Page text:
Ten years on from the 2004 ASVO Best Practice Recommendations (BPRs), in the light of continuing debate about many aspects of the wine show system and evolution in the practice of conducting wine shows, the ASVO proposed that it was time to again establish an industry committee to review, update and expand the 2004 BPRs as well as address new issues that have arisen since 2004. The objective set by the ASVO was to produce a single document for consideration by the agricultural societies, regional bodies and others that conduct wine shows in which the industry would express its current view on what constitutes best practice in the Australian wine show system. Through this document, the industry seeks to encourage practices in the organisation and judging of all shows that are robust and have integrity and yet leave the shows with flexibility to express their own ‘personality’ or ‘character’.

The wider industry readily agreed with the ASVO proposal and in 2014 it established a Technical Advisory Group (TAG) chaired by Dr Tony Jordan with Dr Tony Robinson as secretary to carry out the review. As the TAG needed to express an industry view, members were chosen to represent a wide range of industry interests. Members were drawn from large and small companies, a wide range of geographic origins, trade, press, those who have experience as wine show chairs and wine show judges, are members of wine show committees, and have links to the 2004 ASVO committee. The TAG was given the objective defined above and met in multiple telephone conferences between November 2014 and November 2015. From time to time, the committee sought opinions from industry members and show societies. A draft was circulated to over 50 interested parties in the industry, the chair met with the Capital City wine shows committee (CCWSC) and their comments were considered by the TAG before finalising the document.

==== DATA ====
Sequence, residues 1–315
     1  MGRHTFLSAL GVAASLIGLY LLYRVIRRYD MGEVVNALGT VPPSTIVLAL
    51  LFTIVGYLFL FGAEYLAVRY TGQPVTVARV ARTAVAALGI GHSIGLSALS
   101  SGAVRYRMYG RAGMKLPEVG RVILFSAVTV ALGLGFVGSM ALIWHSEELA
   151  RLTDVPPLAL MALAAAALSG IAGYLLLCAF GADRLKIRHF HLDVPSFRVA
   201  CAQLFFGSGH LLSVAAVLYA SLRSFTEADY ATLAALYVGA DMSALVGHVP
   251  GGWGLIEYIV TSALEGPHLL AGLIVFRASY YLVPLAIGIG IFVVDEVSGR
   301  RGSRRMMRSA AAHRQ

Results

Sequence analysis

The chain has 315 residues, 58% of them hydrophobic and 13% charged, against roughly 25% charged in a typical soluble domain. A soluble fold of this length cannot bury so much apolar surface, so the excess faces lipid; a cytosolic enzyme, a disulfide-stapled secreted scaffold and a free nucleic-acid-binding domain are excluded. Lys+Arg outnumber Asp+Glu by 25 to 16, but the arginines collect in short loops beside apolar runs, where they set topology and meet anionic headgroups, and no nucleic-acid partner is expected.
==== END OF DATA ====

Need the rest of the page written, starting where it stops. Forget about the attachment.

The 2015 BPRs attempts to be comprehensive incorporating more than 200 recommendations about conducting a wine show and the document significantly expands the topics covered in the previous 2004 BPRs. Some recommendations seem minor, such as acceptable range of room temperature during judging, which glassware to use, tasting bench heights, remuneration of judges and stewards, the number of judges on tasting panels etc. However, the TAG was clear that these recommendations should be recorded. Other recommendations record evolution in practice and thinking over the last 10 years – mix of judges, term of appointment of judges, selection process for judges, use of specialist judges, entries by brand and blend, relaxation on the number of entries per class, appointment and remuneration of auditors etc. While some other recommendations reflect more contemporary debate which will continue to evolve in time.

The ASVO Best Practice Recommendations were drafted by Dr Tony Jordan and Dr Tony Robinson with input from the the Technical Advisory Group (TAG), wine shows and wine industry and edited by Dr Tony Jordan, Dr Tony Robinson and Nick Bulleid.

The ASVO thanks everyone involved for their time and commitment in preparing this valuable guide.